1. Pantomine
  2. Two Angels
  3. Do You Feel Guilty?
  4. I Can See
  5. I'm Afraid You're Just Like Me
  6. You Shouldn't Have
  7. The Centre of Your Gravity


“My Little Experiment”

Released October 2001
Produced by Pinkie

The debut Pinkie release! And so the story begins with a cassette tape labeled "Pinkie My Little Experiment" arriving at the Planting Seeds' offices ca. 1999 with note from singer/songwriter/multi talented musician Alex Sharkey. What we heard was a wonderful batch of timeless pop music. Alex is 1/3 of the legendary Sarah Records band Brighter. The 7 song mini LP instantly became a fan favorite and kept the fans awaiting more.

Popmatters / 2001

Heartbreak, loneliness, feeling like an outcast in society... These themes have no doubt filled a near-infinite number of recorded minutes, from the first days of recorded music until now. But there's different ways of approaching them. Sad music can be the most grueling thing you'll ever hear -- pretentious as can be -- or it cause an indescribably, unbelievably physical emotional reaction, bringing your heart up into your throat and sending shivers through your bones. It's all in the words and delivery, in how heartfelt they seem. It's a tricky business, how to express longing and emptiness without making people want to slap you. Pinkie navigate it in the most gorgeous manner on their seven-song My Little Experiment EP, using gentle pop-rock songs to touch the dark secret feelings every person has.

In a way, melody is the key. Alex Sharkey, the vocalist/guitarist/songwriter who essentially is Pinkie, comes up with hooks that are so quietly awe-inspiring that they carry the song's emotions right into listeners with ease. Pinkie uses acoustic guitar, synthesizer (at times sounding like strings, other times like waves) and carefully delicate singing to put the melodies and words in an appropriately sweet context. The music is always as beautiful and as heartbreaking as the sentiment. The song "I'm Afraid You're Just Like Me" especially integrates melody right into the atmosphere, so the structure of the songs lifts in a sublime, pretty way.

Pinkie's version of sad music succeeds because it has a certain romance to it. Some groups, like the Smiths, for example, made sadness into romance -- they made dying together in a car crash sound like lovers' most perfect fate. Pinkie instead takes the sadness of life, and of human relationships, and matches it with an acknowledgement of the joy that comes through affection and connection. The hope behind every song is that someone will stick around to make life easier, to help make the loneliness disappear. The perspective is often resignation but never a reveling in sadness, never a glorification of gloom. The opening track, "Pantomime", gives a sense of feeling sorry for oneself, but also has that hope for love and attachment. A sentiment like "All I dram about is not being me" is matched with a romantic wish/promise: "If my arms could reach, I'd put them around you now / I'd dive into your eyes, what a way to drown."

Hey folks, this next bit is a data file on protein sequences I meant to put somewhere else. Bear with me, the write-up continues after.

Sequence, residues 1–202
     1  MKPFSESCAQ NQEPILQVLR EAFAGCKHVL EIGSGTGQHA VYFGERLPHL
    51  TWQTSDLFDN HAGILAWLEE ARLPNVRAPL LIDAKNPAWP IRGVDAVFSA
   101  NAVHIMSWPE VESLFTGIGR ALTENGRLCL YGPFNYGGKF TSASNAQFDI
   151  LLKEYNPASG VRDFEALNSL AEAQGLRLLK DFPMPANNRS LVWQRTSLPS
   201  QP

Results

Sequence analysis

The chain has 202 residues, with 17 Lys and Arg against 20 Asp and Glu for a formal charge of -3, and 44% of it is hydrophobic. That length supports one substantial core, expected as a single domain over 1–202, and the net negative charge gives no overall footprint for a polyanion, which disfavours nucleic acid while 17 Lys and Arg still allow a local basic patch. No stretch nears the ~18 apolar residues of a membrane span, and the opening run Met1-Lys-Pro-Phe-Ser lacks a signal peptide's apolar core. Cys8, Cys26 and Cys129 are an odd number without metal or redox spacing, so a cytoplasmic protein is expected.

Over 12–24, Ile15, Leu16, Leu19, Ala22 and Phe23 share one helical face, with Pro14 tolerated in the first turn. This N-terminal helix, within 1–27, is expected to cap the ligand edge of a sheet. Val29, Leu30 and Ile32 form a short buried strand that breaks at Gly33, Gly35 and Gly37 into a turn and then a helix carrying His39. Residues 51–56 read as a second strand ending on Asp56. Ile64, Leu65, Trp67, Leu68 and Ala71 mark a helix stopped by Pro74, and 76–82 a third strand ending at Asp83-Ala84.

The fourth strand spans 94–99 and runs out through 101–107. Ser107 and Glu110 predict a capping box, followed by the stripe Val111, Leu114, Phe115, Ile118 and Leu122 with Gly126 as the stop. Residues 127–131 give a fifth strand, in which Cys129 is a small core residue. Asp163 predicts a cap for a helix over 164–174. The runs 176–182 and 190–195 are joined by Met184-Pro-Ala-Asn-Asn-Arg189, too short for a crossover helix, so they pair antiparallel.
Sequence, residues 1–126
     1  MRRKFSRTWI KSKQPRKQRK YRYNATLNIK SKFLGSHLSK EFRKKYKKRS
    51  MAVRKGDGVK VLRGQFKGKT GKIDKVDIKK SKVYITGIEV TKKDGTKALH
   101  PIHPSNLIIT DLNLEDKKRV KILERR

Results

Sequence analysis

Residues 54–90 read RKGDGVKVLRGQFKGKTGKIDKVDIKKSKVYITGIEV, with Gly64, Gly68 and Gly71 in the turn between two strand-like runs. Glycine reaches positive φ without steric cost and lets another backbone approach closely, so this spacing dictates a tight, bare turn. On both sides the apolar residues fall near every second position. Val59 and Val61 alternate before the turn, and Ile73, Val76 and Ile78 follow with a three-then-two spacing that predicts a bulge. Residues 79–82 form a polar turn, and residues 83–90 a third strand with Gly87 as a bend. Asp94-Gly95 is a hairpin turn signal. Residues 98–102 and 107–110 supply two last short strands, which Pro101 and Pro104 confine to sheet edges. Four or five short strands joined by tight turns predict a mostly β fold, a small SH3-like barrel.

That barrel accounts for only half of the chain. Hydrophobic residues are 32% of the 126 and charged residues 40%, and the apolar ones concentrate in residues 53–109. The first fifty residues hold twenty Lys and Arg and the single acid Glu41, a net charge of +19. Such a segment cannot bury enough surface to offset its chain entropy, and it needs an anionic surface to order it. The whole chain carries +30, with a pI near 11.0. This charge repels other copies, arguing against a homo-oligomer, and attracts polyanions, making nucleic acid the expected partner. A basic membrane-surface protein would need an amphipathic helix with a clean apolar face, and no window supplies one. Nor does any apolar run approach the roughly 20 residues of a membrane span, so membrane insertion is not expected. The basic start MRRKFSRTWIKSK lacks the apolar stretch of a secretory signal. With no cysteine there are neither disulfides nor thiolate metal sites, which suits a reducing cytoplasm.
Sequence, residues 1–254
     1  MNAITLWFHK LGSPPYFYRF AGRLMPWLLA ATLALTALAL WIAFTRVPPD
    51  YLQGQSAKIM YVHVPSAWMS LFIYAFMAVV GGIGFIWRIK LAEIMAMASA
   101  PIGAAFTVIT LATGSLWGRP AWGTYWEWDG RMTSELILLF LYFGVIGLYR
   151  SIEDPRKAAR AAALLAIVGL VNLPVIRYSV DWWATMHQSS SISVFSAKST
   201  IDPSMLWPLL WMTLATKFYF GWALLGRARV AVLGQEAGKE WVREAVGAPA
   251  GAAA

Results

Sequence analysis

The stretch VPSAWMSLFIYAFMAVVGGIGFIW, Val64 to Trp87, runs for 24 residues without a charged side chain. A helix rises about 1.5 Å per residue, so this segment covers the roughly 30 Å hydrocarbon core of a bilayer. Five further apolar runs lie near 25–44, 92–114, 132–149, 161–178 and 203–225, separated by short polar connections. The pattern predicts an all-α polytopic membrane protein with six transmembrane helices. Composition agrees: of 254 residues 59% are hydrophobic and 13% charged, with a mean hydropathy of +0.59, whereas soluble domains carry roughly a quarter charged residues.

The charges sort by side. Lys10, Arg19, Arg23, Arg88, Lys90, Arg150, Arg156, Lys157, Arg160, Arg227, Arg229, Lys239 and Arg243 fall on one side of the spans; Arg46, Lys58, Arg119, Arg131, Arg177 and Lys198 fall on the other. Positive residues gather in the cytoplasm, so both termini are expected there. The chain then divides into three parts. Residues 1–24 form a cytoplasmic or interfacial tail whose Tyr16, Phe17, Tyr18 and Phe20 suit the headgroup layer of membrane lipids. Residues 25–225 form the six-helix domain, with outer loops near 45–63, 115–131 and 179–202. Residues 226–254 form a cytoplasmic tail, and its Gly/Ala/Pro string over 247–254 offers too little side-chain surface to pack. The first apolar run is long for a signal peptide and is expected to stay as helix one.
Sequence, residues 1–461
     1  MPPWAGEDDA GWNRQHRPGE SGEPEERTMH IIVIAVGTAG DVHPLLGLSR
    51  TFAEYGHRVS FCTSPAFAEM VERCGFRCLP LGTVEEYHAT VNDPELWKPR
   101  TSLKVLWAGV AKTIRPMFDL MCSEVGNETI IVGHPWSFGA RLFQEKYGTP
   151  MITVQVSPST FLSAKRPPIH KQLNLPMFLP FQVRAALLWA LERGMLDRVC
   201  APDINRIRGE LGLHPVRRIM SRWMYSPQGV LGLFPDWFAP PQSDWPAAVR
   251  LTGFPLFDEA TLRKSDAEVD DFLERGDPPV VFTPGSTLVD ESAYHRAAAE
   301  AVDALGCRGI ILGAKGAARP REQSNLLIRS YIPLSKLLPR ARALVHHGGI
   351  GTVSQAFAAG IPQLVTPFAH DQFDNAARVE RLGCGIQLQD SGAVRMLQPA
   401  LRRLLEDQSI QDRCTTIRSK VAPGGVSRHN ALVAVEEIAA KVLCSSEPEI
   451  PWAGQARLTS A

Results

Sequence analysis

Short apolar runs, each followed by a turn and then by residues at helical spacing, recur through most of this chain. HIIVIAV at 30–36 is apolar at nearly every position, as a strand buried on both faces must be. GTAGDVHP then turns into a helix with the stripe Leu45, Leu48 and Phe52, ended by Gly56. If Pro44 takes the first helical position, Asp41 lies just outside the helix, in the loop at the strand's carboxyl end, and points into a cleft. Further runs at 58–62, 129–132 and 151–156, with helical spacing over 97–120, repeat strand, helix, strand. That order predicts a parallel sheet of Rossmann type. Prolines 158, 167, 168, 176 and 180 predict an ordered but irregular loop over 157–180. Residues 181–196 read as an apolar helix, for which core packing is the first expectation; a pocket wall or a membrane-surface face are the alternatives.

If My Little Experiment sounds like it could just as well be from the late '80s or early '90s as from 2001, it's because Sharkey is continuing the sound his band Brighter played during that time period. That band, on the now widely revered British label Sarah Records, made magnificently honest and touching pop music. Now on his own, he's doing much the same with Pinkie, yet it doesn't feel like he's retreading or back-stepping. This sort of piercing, beautiful expression of feeling is timeless. It stands outside of trends or fads, and will have the same power decades from now as it does not.

Tasty (UK) #13 / December 2001

What can one say about Alex Sharkey apart from the fact that he's basically on a one man mission to save our children and set them sail of the fair ship POP! This mini-album for US indie, Planting Seeds Records, is, I guess meant as a taster for a new audience, but it contains enough gems to gain a release over here. Quite simply, there isn't a weak track to be seen, as Sharkey goes through his kitchen-sink, little boy lost soap operas as if it were second nature. And, hey, I think it actually IS! If I'm forced to pick the wheat from the chaff, then I'd say stand out tracks are the lilting 'Do You Feel Guilty' and 'I'm Afraid You're Just Like Me', but that's to be too fussy, for what we have here is 25 minutes of genius at work. Cherish it. - Sam

Amplifier / Issue 30, May - June 2002

"I wanted to create something simple, fragile, yet entirely genuine," Alex Sharkey says of Pinkie's new effort. And indeed, the ostensible one-man band (aided by a variety of "helpers") has succeeded. My Little Experiment is delicate and jangly, full of odes that tinkle wistfully around thicker, shoegazy vocals. The strumming pull of "Do You Feel Guilty?" is reminiscent of the Gin Blossums' "Til I Hear it From You" in both melody and theme, but not as mainstream. Such is the case with much of the album, which leans on subtle shadings. Pinkie's disc almost seems Billy Bragg-ish at times, given its guitar-and-the-truth heartbeat, but whereas Bragg usually rails againstthe crimes committed on a grander social scale, Pinkie's focus is more introspective and personal. Simple, fragile entirely genuine. - Sean Leary